The Cable

Trump Gets Last Year’s Wish, Becomes Time’s Person of the Year

But be careful what you wish for.


A year ago seems a simpler time. Donald Trump was but one of seventeen GOP presidential candidates, not president-elect. Merriam-Webster’s word of the year was “-ism,” not, as it is likely to be for 2016, “fascism.” The United Kingdom had not yet decided to leave the European Union. And Angela Merkel was Time’s Person of the Year.

Not everybody was thrilled, of course.  

Trump wasn’t alone. In a quieter corner of the internet, political scientist Yascha Mounk warned, “to paint 2015 as the year of Angela Merkel is a little akin to calling 1928 the year of Wall Street or 2006 the year of the Blackberry.” The true person of the year, he argued, was the populist, for that was the way in which the political winds were blowing.

And 2016 has indeed proven difficult for Angela Merkel, who has lost most of her international allies and suffered the rise of a far-right, anti-immigrant, anti-Islam party in her own country. She’s had to battle divisions in Europe, a resurgent Russia, and though she was re-elected CDU party leader, she snared the lowest percentage since 2004. Worse yet, Donald Trump’s 2015 wish came true — he became Time’s 2016 Person of the Year.

Merkel, it seems, was suffering what we can call the Time Person of the Year curse — like the Sports Illustrated jinx, but with higher stakes consequences for the global order. And she wasn’t the first. Consider:

In 1937, the honor went to Chiang Kai-shek, who was premier of the Republic of China as Japan invaded, sparking an eight-year nightmare of occupation and three-way war. In 1946, open civil war broke out between Chiang Kai-shek and Mao Zedong’s Communist Party. In 1949, Chiang Kai-shek lost, and was forced to flee to Trump’s newly-favorite island, Taiwan.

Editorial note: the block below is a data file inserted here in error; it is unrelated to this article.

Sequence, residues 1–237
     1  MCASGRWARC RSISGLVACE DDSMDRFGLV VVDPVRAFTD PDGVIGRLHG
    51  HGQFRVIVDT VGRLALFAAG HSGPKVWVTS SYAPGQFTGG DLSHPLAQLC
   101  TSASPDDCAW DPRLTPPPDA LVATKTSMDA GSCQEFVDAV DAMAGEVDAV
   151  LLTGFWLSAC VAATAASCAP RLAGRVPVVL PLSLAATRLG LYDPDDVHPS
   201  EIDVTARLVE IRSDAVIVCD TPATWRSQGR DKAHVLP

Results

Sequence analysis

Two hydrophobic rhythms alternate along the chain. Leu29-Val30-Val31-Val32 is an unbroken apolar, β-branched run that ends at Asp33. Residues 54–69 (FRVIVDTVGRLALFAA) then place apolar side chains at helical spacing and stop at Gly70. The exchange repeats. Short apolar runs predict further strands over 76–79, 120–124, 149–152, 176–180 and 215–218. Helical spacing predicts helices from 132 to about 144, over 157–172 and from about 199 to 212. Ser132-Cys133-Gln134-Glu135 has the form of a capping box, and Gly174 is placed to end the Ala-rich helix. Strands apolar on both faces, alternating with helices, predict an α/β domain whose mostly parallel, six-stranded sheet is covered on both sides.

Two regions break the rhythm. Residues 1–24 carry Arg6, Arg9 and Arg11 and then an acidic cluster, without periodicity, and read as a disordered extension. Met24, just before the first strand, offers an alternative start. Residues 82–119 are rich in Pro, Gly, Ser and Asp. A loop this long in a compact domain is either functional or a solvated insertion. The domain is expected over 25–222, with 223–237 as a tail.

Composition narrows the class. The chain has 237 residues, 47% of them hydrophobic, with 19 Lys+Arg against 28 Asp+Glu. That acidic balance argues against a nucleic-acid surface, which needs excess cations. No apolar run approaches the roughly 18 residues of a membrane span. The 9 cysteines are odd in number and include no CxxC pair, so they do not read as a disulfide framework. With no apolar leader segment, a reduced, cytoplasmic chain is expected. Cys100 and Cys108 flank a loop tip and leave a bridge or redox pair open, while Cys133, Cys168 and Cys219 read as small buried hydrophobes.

In 1938, Time’s person of the year was Adolf Hitler, who unified Germany with Austria and the Sudetenland without sparking another great war. In 1939, though, Hitler pressed his luck one too many times and started World War II. It ended badly for him (and also millions of other people.)

In 1939, Josef Stalin was Time’s person of the year — after he pulled off, in the Molotov-Ribbentrop pact, one of diplomacy’s biggest surprises. Two years later, Hitler invaded and sparked the most destructive land war in history on the eastern front. In 1941, Stalin was so despairing that he reportedly said, “Everything’s lost. I give up. Lenin founded our state and we’ve fucked it up.” A year later, he was Time Person of the Year again, just in time for three more years of horrible war. After his death, his successor, Nikita Khrushchev, pursued a policy of de-Stalinization.

In 1940, the honor went to Winston Churchill and his return from the political wilderness. In 1941, Britain would be knocked to the canvas, ravaged by U-boats, kicked out of Greece and Crete, and nearly lost Egypt. The Japanese destruction of two first-rate warships later that year, he said, was his darkest moment of the war. He was voted out of office in 1945.

In 1971 and 1972, Time’s Person of the Year was Richard Nixon. The two years following his last victory were consumed by the Watergate cover-up and scandal, and he resigned in disgrace in 1974.

In 2006, individual internet content creators received the distinction. Within a decade, huge chunks of the internet had become a slurry-filled, no-go zone.

In 2011, it was the protester, specifically the ones who braved the Arab Spring and Moscow’s short-lived “snow revolution.” But Russian President Vladimir Putin cracked down, and now has an even tighter grip on power. Egypt is now a military dictatorship, Syria is still in the throes of a gruesome civil war, Tunisia is exporting jihadists, and Yemen is in a war that the world has forgotten.

Winning Time’s Person of the Year Award can, it seems, be a bit like a supernova: A last, brilliant flash of light before a catastrophic self-destruction.

Photo credit: Sara D. Davis/Getty Images

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